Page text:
The tool used for determining the students\\\' perception of environment was DREEM, which determines a student\\\'s perception in 5 subscales i.e. perceptions of learning (POL), perceptions of teachers (POT), academic self-perceptions (ASP), perceptions of atmosphere (POA) and social self-perceptions (SSP). Assessment of these subscales is spread over50 items related to different aspects of the educational environment. A respondent has to read each statement and respond to it using 5-point Likert-type scale which is scored as 4 for strongly agree (SA), 3 for agree (A), 2 for uncertain (U), 1 for disagree (D) and 0 for strongly disagree (SD). However, 9 of the 50 items are negative (4,8,9,17,25,35,39,48 and 50) and these are scored as 0 for SA, 1 for A, 2 for U, 3 for D and 4 for SD. The maximum possible score is 200 which corresponds to an excellent environment and the minimum is 0 suggesting a worrying result for an institution.
Environmental perception of students as determined by DREEM was classified as "very poor" if score was 0-50, "plenty of problems" with a score of 51-100, "more positive than negative" if 101-150 and "excellent" with a score of 151-200.
The survey was conducted in a dedicated session with both fourth- and final-year classes separately. The purpose of the research was explained to the students. Ethical issues along with assurance of confidentiality were explained. Students were given the DREEM questionnaire, and asked to complete the form in an unbiased manner according to their own views or perceptions. Basic information like gender and area of residence (rural or urban) were sought. A total of 50 minutes were given with approximately 1 minute for each item. DREEM score was calculated for each student.
Academic record of each student included in survey was obtained from the examination department after proper written permission from the controller of examinations with maintenance of full confidentiality. Students with cumulative percentage of marks in all professional examination of 70 or above and all examinations cleared in the first attempt were classed as high achievers, while those with cumulative marks less than 70% or failure to succeed in the first attempt in any subject of the professional examinations were classified as low achievers.
Consistency or reliability of DREEM questionnaire for the study group was calculated using Cronbachs alpha.
SPSS 20 was used for data analysis. Confidentiality was ensured as data entry of students\\\' results was done by the researcher himself using allocated numbers of each student without mentioning names.
DREEM scores were grouped into 4 grades: poor, plenty of problems, more positive than negative, and excellent, as defined in operational definitions. Variables like gender are presented as percentages. Quantitative variables like DREEM score, its subscales and individual items were given as mean ± standard deviation (SD). DREEM scores of high and low achievers and male and female students were compared using unpaired two-tailed Students t-test for normally distributed variables while Mann-Whitney U test for non-parametric items of DREEM survey.
Of the 180 students, 153(85%) were included as 17(9.4%) did not meet examination selection criteria while 10(5.5%) were absent. Moreover, 35(23%) of the participants were boys and 118(77%) girls. There were 70(45.8%) fourth-year and 83(54.2%) final-year students. The overall mean DREEM score was 116.13±18.24 (range: 64 to 151). Besides, 26(17%) students evaluated the educational environment to have a lot of problems, 126(82.4%) found it more positive, while 1(0.7%) regarded it as excellent.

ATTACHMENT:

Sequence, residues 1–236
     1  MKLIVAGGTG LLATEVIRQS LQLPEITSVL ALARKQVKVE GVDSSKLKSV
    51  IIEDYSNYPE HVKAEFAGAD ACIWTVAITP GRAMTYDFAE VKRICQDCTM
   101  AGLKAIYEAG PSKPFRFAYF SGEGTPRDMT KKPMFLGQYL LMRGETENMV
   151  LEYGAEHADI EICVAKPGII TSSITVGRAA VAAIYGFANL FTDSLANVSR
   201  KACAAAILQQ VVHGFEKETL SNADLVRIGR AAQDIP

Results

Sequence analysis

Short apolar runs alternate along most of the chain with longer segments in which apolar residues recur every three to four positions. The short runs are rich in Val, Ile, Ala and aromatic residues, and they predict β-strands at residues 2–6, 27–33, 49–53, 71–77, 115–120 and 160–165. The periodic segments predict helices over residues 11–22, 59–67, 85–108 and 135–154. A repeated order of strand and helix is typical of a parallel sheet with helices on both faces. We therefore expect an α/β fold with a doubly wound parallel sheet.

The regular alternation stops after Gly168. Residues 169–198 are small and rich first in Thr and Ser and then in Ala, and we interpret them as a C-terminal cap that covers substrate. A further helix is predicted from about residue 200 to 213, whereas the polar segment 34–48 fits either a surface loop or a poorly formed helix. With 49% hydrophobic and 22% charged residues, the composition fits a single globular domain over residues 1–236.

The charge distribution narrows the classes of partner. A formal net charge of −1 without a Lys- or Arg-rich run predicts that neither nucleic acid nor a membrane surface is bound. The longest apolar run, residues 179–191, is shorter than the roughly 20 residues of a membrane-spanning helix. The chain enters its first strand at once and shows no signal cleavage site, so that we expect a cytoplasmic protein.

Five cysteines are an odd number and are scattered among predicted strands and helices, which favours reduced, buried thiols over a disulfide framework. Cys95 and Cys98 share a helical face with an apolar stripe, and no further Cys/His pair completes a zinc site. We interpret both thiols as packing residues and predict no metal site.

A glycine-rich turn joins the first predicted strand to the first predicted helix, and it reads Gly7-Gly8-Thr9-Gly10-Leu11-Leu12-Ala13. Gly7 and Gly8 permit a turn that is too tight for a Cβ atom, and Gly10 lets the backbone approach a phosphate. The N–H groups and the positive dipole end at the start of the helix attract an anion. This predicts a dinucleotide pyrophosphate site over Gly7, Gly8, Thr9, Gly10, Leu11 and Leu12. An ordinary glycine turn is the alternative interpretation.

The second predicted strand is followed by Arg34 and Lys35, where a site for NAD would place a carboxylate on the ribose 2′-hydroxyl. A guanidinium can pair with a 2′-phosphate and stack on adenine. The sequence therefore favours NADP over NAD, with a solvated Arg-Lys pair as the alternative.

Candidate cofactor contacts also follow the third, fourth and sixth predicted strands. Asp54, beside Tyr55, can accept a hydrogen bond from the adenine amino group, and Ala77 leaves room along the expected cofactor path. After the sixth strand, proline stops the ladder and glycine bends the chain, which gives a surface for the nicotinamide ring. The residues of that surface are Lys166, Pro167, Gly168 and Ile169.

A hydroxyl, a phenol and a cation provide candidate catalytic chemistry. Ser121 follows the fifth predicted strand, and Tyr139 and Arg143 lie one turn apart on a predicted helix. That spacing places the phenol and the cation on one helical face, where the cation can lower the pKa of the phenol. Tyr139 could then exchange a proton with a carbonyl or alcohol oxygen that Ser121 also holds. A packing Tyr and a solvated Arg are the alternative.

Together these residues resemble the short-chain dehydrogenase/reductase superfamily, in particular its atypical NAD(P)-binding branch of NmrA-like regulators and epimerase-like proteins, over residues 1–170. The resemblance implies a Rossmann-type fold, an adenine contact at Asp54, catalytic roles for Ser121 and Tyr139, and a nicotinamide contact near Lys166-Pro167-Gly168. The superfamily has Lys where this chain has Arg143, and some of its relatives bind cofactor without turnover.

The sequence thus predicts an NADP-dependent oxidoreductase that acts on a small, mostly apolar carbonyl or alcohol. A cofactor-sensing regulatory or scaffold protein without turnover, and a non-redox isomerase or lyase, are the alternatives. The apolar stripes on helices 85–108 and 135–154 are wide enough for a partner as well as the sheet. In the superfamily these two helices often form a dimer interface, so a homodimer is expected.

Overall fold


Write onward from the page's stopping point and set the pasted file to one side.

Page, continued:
As for the subscales of DREEM, the mean score for POL was 27.97±6.0 (maximum score: 48), 25.76±4.6 (maximum score: 44) for POT, 18.67±4.05 (maximum score: 32) for ASP, 27.76±6.03 (maximum score: 48) for POA and 15.97±3.0 (maximum score: 28) for SSP. The mean dream DREEM score was 108.51±17.54 among boys and 118.39±17.90 among girls (p=0.005) (Table-1)
DREEM items with poor perception of students were noted separately (Table-2)
Cumulative percentage of scores was less than 65% in 6(3.9%) students, between 65-69.9% in 41(26.8%), between 70% and 75% in 85(55.5%) and above 75% in 21(13.8%) participants. Examination score was less than 70% among 47(30.7%) students (low achievers) while 106(69.3%) had a score of 70% or above (high achievers).
The value for consistency or reliability of DREEM questionnaire was 0.89 for low-achieving students and 0.83 for high-achieving students. The mean DREEM score was 115.5±20.62 among low achievers and 114.92±16.6 among high achievers (p=0.86). The mean score for academic self-perception was 17.29±3.1 and 19.05±4.27 among low and high achievers (p=0.02) and for social self-perception it was 14.71±3.58 and 16.38±2.66, respectively (p= 0.005). The mean score for perception of teachers was 27.13±5.04 among low and 24.98±4.47 among high achievers (p=0.01).
The mean score for perception of having successful learning strategies was 1.66±0.9 and 2.18±0.9 among low and high achievers (p=0.007) and 1.71±0.98 and 2.18±1.1 for ability to memorise all that was needed (p=0.02). The values for having good friends in the course was 2.71±1.1 among low and 3.3±0.88 among high achievers (p=0.01) and 2.03±1.4 and 2.54±1.15 for seldom feeling lonely (p=0.03). The mean score for the perception about teachers ridiculing students was 2.79±0.81 and 2.28±1.01 among low and high achievers (p=0.008) and 2.45±1.26 and 1.76±1.28 for students irritating teachers (p=0.007) (Table-3)